March is gone and with it one of the most awaited events of 2018 in the rejuvenation biotechnology community, the Undoing Aging conference—the first, but not the last, of what will hopefully be a long series, given that SRF has already announced UA2019. Let’s review the news of the past month together.
Undoing Aging 2018
Held in Berlin on March 15-17, 2018, the UA2018 conference was the first of its kind. Co-organized by the SENS Research Foundation and the Forever Healthy Foundation, it featured eminent researchers from all over the world among its speakers; the conference was aimed at further popularizing the nascent rejuvenation biotechnology industry, fostering its development, increasing networking among scientists of the field, and involving the general public.
Throughout March, we released a series of interviews with the key people of the organizations who ran the event—Forever Healthy’s founder Michael Greve and SRF’s CSO Aubrey de Grey, among a few others. The latter is a three-part interview, which you can find here, here, and here. Several LEAF team members have attended the conference both to network and to provide our readers with the most up-to-date information later on, as multiple interviews with the leading researchers were agreed upon. Board director Steve Hill described his personal impressions of the conference here.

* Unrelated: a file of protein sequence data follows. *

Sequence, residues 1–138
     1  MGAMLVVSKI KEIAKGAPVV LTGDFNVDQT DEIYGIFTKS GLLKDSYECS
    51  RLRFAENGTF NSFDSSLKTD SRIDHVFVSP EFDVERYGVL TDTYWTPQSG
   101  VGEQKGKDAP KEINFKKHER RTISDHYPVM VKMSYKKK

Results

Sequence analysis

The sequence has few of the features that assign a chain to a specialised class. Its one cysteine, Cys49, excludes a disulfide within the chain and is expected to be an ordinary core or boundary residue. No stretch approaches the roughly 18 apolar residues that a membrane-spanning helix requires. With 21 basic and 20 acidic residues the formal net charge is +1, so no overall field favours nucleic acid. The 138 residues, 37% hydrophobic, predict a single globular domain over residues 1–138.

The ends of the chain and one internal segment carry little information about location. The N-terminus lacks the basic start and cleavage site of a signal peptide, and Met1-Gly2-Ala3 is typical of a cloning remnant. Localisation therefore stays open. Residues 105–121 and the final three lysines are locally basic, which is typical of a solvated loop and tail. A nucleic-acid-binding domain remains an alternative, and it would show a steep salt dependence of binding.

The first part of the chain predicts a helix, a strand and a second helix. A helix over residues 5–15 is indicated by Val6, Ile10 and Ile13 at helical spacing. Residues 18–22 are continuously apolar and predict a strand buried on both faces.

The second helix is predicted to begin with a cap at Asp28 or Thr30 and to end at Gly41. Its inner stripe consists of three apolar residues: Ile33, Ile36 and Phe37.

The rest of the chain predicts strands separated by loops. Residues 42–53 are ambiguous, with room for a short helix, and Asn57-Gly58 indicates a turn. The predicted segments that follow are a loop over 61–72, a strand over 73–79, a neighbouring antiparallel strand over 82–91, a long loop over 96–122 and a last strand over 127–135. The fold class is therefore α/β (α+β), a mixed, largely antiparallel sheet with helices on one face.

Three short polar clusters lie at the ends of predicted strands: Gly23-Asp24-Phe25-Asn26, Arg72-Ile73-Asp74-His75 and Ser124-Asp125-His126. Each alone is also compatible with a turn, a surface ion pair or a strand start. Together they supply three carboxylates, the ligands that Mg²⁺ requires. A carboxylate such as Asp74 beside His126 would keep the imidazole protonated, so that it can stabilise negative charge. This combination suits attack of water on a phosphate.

We know how hard it is to attract the attention of mass media to such events, as there are only a few journalists globally promoting the cause. This is why LEAF provided a travel grant to one of the best Russian reporters doing just that, Anna Dobryukha from Komsomolskaya Pravda (the biggest Russian newspaper with over 40 million readers). Since the conference, Anna has already released the first article from the event, an interview with Ethereum founder Vitalik Buterin, who recently donated $2.4 million in Ether cryptocurrency to the SENS Research Foundation. An English translation of this interview was made by Elena Milova and Josh Conway and is available on our website here.